That's kind of like saying, there's no controversy about Marxism, except for the sticky bit about the no private property.
GIBSON: Well, Ms. Scott...
MEYER: Natural selection is essential to the idea of evolution in the modern synthesis. And she's throwing it overboard.
GIBSON: Ms. Scott, I, for instance, have read several pieces written by scientists who question the Cambrian explosion, in a relatively certain period of time, a sudden profusion of a gazillion different life forms, for which evolution doesn't seem to have enough time. What is wrong with raising that question with students?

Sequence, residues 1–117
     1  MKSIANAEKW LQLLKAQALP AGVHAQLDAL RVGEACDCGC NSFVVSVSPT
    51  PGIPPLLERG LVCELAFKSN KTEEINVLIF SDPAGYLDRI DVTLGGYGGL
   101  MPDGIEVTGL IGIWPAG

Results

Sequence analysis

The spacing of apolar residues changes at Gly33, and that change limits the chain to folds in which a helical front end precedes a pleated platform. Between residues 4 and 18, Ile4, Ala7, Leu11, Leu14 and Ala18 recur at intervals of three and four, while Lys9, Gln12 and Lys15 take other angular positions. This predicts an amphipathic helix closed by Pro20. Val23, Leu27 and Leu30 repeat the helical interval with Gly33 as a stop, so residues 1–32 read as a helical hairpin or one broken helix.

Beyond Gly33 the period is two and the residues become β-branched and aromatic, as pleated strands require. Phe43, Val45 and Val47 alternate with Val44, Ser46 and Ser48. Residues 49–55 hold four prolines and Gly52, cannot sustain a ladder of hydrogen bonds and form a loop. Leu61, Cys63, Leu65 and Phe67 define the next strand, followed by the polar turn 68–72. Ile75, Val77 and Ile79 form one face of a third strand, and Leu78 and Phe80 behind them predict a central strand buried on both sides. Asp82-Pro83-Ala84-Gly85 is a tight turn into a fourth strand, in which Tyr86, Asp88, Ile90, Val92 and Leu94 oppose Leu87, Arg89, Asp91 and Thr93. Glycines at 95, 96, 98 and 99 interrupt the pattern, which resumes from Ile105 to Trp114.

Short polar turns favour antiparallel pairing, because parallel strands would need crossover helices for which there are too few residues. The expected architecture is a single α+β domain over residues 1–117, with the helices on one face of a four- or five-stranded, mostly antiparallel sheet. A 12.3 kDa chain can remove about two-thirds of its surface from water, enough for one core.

SCOTT: The so-called problem of the Cambrian explosion and it being a problem for evolution is nonsense.
If you talk to paleontologists who actually study the Cambrian explosion and the Cambrian evolution of invertebrate body forms, they will tell you it's a fascinating puzzle, but it has no problem for evolution, even evolution through natural selection.
But the point is that, as Steve pointed out, there is a difference between evolution as the common ancestry of living things and the mechanisms that bring it about, one of which is natural selection. There are other mechanisms as well.
MEYER: Which are also disputed. That's just the point.
SCOTT: What the anti-evolutionists like -- anti-evolutionists like to do is take the arguments among scientists, which are legitimate, because science is about argumentation, the arguments among scientists about how evolution takes place and pretend that there's a legitimate controversy going on about whether. And that simply is not true. You don't have to take my word for it.